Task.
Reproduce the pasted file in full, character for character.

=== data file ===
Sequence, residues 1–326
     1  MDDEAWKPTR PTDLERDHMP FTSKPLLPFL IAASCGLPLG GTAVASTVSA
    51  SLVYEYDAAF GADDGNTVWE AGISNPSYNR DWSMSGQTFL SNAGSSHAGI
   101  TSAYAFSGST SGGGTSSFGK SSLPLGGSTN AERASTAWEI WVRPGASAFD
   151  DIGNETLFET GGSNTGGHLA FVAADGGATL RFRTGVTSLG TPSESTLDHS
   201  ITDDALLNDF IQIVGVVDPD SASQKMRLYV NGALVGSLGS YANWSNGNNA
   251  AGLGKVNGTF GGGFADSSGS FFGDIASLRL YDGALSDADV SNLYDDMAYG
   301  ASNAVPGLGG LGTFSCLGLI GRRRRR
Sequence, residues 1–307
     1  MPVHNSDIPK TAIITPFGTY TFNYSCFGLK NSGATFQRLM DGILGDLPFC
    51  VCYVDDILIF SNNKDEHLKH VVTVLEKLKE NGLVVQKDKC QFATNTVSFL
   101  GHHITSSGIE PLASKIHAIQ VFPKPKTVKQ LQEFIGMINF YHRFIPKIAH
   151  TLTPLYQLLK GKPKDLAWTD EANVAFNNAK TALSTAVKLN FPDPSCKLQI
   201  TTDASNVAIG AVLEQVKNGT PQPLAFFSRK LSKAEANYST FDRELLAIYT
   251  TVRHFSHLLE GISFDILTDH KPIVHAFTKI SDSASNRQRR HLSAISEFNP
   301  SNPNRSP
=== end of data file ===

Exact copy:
Sequence, residues 1–326
     1  MDDEAWKPTR PTDLERDHMP FTSKPLLPFL IAASCGLPLG GTAVASTVSA
    51  SLVYEYDAAF GADDGNTVWE AGISNPSYNR DWSMSGQTFL SNAGSSHAGI
   101  TSAYAFSGST SGGGTSSFGK SSLPLGGSTN AERASTAWEI WVRPGASAFD
   151  DIGNETLFET GGSNTGGHLA FVAADGGATL RFRTGVTSLG TPSESTLDHS
   201  ITDDALLNDF IQIVGVVDPD SASQKMRLYV NGALVGSLGS YANWSNGNNA
   251  AGLGKVNGTF GGGFADSSGS FFGDIASLRL YDGALSDADV SNLYDDMAYG
   301  ASNAVPGLGG LGTFSCLGLI GRRRRR
Sequence, residues 1–307
     1  MPVHNSDIPK TAIITPFGTY TFNYSCFGLK NSGATFQRLM DGILGDLPFC
    51  VCYVDDILIF SNNKDEHLKH VVTVLEKLKE NGLVVQKDKC QFATNTVSFL
   101  GHHITSSGIE PLASKIHAIQ VFPKPKTVKQ LQEFIGMINF YHRFIPKIAH
   151  TLTPLYQLLK GKPKDLAWTD EANVAFNNAK TALSTAVKLN FPDPSCKLQI
   201  TTDASNVAIG AVLEQVKNGT PQPLAFFSRK LSKAEANYST FDRELLAIYT
   251  TVRHFSHLLE GISFDILTDH KPIVHAFTKI SDSASNRQRR HLSAISEFNP
   301  SNPNRSP